Pat Fitzgerald Chose Not to Consult with Margolis on Rove Indictment
I recognize that at some point I’m going to have to read Karl Rove’s book propaganda. But until I find it lying around somewhere for almost-free right next to at least a six-pack of equally almost-free beer, I’m going to let Main Justice read it so I don’t have to. They’ve got a fairly detailed post of Rove’s spin on his interactions with Fitz–one of the most interesting tidbits of which (given recent events) is that Rove’s lawyer Robert Luskin tried to get Fitz to allow David Margolis to review his decision to indict Rove, but he chose not to do that.
After the October  grand jury testimony, Fitzgerald called Rove’s lawyer, Robert Luskin, and said they were leaning towards an indictment, Rove wrote. Luskin arranged to fly to Chicago to talk with Fitzgerald about the case and urged the prosecutor to consult with others in the Justice Department. In particular, Luskin recommended Fitzgerald talk to David Margolis, the DOJ’s highest-ranking career official and a 45-year veteran of the department. Fitzgerald eventually decided against contacting Margolis, Rove wrote, but agreed to bring in two other lawyers in the Chicago U.S. attorney’s office who had previously been uninvolved with the case to re-examine his thinking.
In an epic five-hour meeting, Luskin and Fitzgerald hashed out the various aspects of the case against the White House adviser. At the meeting, Fitzgerald said he was bothered by Rove’s non-recollection of the conversation with Cooper. If Rove did not remember the conversation with Cooper, Fitzgerald asked, why did he ask his aides in January 2004 to go through his phone records and notes to find any evidence of contact with Cooper? Luskin had the surprising answer, Rove wrote. The lawyer had learned from a friend who worked at Time that Cooper told colleagues he had spoken with Rove about Plame.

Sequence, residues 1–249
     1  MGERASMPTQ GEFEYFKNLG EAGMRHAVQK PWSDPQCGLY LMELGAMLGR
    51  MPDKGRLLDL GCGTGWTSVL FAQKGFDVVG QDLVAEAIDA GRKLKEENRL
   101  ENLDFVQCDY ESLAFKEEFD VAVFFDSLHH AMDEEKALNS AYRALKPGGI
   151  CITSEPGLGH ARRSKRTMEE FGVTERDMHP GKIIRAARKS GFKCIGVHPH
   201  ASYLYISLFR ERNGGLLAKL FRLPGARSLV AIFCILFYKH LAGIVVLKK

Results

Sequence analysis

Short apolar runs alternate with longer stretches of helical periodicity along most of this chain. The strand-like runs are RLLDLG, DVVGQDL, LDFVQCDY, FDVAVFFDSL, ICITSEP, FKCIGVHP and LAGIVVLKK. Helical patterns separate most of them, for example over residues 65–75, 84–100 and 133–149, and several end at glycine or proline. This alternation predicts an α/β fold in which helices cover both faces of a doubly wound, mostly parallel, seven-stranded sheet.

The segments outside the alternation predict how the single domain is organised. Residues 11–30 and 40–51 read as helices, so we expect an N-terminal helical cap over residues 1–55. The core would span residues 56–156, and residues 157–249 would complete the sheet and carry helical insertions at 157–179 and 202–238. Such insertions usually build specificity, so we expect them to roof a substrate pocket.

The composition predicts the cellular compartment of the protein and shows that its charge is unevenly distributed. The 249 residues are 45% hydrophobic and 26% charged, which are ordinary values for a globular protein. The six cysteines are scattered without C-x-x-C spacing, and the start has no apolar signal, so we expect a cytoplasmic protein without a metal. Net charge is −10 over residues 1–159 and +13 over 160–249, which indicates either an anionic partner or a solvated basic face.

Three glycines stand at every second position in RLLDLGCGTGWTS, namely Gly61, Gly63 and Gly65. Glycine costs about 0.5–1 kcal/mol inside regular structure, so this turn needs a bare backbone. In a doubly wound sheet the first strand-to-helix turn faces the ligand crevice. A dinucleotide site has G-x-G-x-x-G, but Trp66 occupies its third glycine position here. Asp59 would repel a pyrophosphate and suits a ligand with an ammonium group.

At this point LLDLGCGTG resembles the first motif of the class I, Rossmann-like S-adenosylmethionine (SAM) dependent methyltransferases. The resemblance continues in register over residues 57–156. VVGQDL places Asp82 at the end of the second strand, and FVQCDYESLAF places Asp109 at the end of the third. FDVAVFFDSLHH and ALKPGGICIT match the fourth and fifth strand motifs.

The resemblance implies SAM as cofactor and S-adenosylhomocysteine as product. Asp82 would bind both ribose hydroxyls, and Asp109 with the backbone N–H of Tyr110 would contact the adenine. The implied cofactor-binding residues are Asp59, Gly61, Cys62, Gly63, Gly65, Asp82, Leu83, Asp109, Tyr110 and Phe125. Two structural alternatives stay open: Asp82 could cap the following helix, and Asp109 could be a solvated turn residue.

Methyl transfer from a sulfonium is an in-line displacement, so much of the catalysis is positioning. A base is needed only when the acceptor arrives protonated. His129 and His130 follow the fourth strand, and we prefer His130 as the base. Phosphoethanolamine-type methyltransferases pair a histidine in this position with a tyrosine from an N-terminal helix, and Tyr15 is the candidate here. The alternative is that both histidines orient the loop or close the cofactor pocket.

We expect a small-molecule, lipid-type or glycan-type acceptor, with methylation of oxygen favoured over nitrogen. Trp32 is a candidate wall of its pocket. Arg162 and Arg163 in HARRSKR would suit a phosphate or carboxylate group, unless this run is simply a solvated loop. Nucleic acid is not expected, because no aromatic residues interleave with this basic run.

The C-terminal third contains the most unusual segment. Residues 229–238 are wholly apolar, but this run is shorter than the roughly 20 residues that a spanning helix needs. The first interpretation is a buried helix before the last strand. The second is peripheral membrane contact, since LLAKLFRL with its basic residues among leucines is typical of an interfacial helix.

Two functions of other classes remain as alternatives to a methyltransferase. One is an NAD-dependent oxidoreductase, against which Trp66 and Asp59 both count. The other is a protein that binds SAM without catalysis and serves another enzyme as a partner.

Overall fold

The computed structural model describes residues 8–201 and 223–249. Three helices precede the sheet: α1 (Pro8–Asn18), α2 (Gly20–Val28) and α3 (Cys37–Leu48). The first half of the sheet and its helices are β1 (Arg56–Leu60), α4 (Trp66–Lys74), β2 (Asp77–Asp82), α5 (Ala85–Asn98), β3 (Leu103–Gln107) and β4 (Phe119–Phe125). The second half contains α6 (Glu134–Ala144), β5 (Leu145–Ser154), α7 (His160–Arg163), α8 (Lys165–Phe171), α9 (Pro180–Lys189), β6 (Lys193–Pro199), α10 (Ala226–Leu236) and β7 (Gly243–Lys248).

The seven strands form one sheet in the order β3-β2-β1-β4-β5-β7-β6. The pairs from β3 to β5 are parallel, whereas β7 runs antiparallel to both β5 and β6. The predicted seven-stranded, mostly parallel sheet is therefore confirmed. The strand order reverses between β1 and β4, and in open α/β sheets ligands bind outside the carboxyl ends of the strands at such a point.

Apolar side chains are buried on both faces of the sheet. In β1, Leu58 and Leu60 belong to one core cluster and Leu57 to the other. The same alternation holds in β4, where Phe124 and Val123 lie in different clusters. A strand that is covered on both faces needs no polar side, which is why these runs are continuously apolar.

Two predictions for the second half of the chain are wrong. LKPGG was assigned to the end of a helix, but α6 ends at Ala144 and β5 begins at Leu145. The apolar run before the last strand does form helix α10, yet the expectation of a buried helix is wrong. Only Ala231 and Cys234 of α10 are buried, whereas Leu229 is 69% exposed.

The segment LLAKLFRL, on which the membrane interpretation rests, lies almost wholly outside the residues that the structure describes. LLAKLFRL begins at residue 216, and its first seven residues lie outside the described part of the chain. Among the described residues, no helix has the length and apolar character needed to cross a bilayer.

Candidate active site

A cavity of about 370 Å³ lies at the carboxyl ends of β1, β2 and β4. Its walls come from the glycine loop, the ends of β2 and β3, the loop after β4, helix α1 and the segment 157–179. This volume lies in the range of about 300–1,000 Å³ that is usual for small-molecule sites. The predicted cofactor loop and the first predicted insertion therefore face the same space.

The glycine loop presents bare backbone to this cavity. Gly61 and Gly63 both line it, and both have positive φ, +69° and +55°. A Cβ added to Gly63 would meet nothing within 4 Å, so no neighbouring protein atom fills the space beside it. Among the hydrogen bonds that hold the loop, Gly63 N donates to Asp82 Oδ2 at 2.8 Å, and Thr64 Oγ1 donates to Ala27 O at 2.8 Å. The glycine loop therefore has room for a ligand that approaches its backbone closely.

The tidbit is interesting not just because Fitz chose not to let DOJ’s fixer decide whether or not Karl would get indicted, but also for what that suggests about how much oversight Margolis had over Fitz’s decisions more generally. And remember, Margolis would have just barely taken over from Comey (who left DOJ in August 2005) as Fitz’s direct supervisor on this case in fall 2005.
Oh–and as I said probably 4 years ago–it was a journalist who helped Rove avoid any consequences for his role in leaking Plame’s identity.